Ever wonder how to highlight the active row in Excel with conditional formatting? Ever want to select a cell and see another cell highlighted if they have the same values?
This post applies to MS Excel 2007 and later, Mac Excel 2011 and later.
Excel Auto Highlight Row Based On Selected Cell Value
To highlight corresponding values in another column, you do not have to do it manually or use helper column.
Effect as shown below, and is done using conditional formatting.
Note that when the cell clicked does not have a corresponding value in column B, nothing will be highlighted.
Excel Highlight Row Based On Date
If you just want to highlight all cells in column A that is the same date as in cell B1, then you would select all cells from A2 to last cell in A.
Go to Home tab, Conditional Formatting, New Rule.
Select “Use a formula to determine which cells to format” and put as formula:
Excel Highlight Active Row Without VBA
While there is no Excel highlight active row shortcut, the method outlined here is pretty straight-forward.
The version without macro requires you to press F9 (this recalculates the workbook) each time you select a cell.
Select the cells in the “look up” column, where a corresponding value(s) shall exist. In this case, that is cells B2 to B11 (select from B2 downwards so that it is the active cell, so to speak)
In Home tab, Conditional Formatting, click New Rules, then “Use a formula to determine which cells to format”.
In the field for “Format values where this formula is true”, put
If instead of column B, you just want to highlight all cells in column A that correspond to a value in a fixed cell B1, then you would instead write
Here you would put dollar sign in front of B1 to fix the cell address, while leaving A2 unfixed so that the conditional formatting rule can pass on to other cells down the column.
Now whenever you select a cell in column A and press F9 after selection, it will highlight all the duplicate results in column B if there is one.
Auto Excel Highlight Active Row Using Excel VBA Macro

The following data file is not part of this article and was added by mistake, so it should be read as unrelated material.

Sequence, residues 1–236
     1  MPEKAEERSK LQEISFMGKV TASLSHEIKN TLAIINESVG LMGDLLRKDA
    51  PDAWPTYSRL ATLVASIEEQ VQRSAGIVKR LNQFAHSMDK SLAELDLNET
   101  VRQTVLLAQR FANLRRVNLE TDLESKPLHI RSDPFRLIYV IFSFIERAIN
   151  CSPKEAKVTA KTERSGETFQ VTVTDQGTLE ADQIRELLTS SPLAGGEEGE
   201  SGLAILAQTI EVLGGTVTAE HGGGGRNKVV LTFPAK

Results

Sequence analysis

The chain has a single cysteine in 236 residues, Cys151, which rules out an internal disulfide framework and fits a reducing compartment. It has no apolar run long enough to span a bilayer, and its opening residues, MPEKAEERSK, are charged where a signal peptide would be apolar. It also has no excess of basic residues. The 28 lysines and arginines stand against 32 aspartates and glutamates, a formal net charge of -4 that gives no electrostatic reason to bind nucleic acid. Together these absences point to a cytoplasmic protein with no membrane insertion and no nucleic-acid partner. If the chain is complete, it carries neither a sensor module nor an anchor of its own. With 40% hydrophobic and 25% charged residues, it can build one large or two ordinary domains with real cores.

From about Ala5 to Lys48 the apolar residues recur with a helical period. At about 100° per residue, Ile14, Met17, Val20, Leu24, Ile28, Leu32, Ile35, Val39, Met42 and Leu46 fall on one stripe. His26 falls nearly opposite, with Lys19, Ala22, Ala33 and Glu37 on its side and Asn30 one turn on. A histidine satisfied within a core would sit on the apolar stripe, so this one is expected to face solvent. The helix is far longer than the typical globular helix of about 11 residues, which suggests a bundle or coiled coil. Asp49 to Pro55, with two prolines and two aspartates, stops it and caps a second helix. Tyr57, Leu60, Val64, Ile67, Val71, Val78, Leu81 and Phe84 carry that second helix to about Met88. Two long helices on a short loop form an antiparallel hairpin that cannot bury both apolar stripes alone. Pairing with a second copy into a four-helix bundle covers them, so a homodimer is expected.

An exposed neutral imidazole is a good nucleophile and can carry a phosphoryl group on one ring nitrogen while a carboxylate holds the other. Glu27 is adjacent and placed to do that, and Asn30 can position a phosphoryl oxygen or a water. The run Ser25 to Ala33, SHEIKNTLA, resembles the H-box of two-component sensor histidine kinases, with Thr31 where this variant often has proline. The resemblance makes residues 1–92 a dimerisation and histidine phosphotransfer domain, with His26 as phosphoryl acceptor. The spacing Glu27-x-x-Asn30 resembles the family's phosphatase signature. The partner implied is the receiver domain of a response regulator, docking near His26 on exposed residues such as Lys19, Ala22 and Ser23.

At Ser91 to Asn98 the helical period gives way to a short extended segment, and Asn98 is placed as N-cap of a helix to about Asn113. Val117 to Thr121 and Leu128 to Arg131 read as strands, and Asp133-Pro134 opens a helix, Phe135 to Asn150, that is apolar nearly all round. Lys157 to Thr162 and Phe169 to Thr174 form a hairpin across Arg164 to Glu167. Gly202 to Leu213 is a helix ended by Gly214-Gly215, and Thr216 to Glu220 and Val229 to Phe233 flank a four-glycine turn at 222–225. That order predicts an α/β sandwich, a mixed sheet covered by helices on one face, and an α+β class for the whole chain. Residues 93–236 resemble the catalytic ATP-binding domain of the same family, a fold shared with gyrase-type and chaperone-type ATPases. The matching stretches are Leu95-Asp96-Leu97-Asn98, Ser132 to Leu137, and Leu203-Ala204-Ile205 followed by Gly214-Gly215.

To avoid pressing F9 to recalculate each time, you will need to put a line of code in Visual Basic Editor. This will make the spreadsheet into a macro-enabled file with .xlsm extension.
Press Alt+F11 or Developer tab, Visual Basic icon, to open Visual Basic Editor.
To the left you should have a Project Explorer pane. If not, press Ctrl+R or go to View menu, Project Explorer.
Select the name of the workbook you are on by double-click, then the worksheet you are on.
Once selected, go to the main coding window to the right. The first step is to make sure that the Object field shows Worksheet.
Click the drop down in Procedure field, and choose “SelectionChange”. See screenshot:
Remove what is already there, then put these three lines of code there:
Private Sub Worksheet_SelectionChange(ByVal Target As Range)
Close the Visual Basic Editor then try again on your workbook. Remember to save the workbook if you want to use it later.
How To Auto Highlight A Row In Excel While Scrolling
If your aim is to highlight a row of your selected cell after scrolling, the above technique will work.
If your aim is for Excel to always auto highlight the top row while you scroll down, you will need to write a macro.
Firstly go to name manager and create a new name called “top_row”, set its value as 1.
Suppose your data runs from cell A1 to C27. Select from A1 onwards.
Open Conditional Formatting and put the formula:
In VBA Editor, double click on the sheet of interest in Project Explorer.
Clear what is in the coding pane, and put this instead:
Private Sub Worksheet_SelectionChange(ByVal Target As Range) Names("top_row").RefersToR1C1 = ActiveWindow.VisibleRange.Row End Sub
You can modify the code to either highlight a row that is a fixed distance from the top row, or to highlight a row without having to click on a random cell everytime you scroll (which is a longer piece of script that does not involve conditional formatting).
Auto Highlight Entire Row / Excel Highlight Active Row
To highlight the active cell’s row in Excel as well as the column, you would select all the cells where selection might take place. In this case the order of selection is not important since the formula that follows does not use a direct cell address.
Go to Home tab, Conditional Formatting, New Rule.
Select “Use a formula to select which cells to format”.
Put in the following formula:
Press the Format button to select a highlight colour.
Do the same to column by pressing New Rule button in Conditional Formatting Rules Manager window:
Again choose “Format values where this formula is true”.
Put the following formula:
Press Format button, then select the same formatting as you did for rows.
As in the section above, you will need to press F9 each time after you select a cell. If you wish to automate it, see the Macro section.
You can use the second technique on “Excel highlight active row” above in the first one so that when you select a cell, both the cell and the corresponding cells get highlighted.
Excel Highlight Active Row Note and Warning
If you apply conditional formatting to a large amount of cells, it may slow down Excel.
Also the macro code inserted has the same effect as pressing F9 to refresh the workbook.
If the techniques shown here brought you pleasant surprises, share the love on social media. It’s free.
A Product That Highlights Every Other Row
If you simply want to highlight alternate rows in different colours (so-called zebra stripes), check out Text Manipulation Macro that comes with checkbox alignment tool.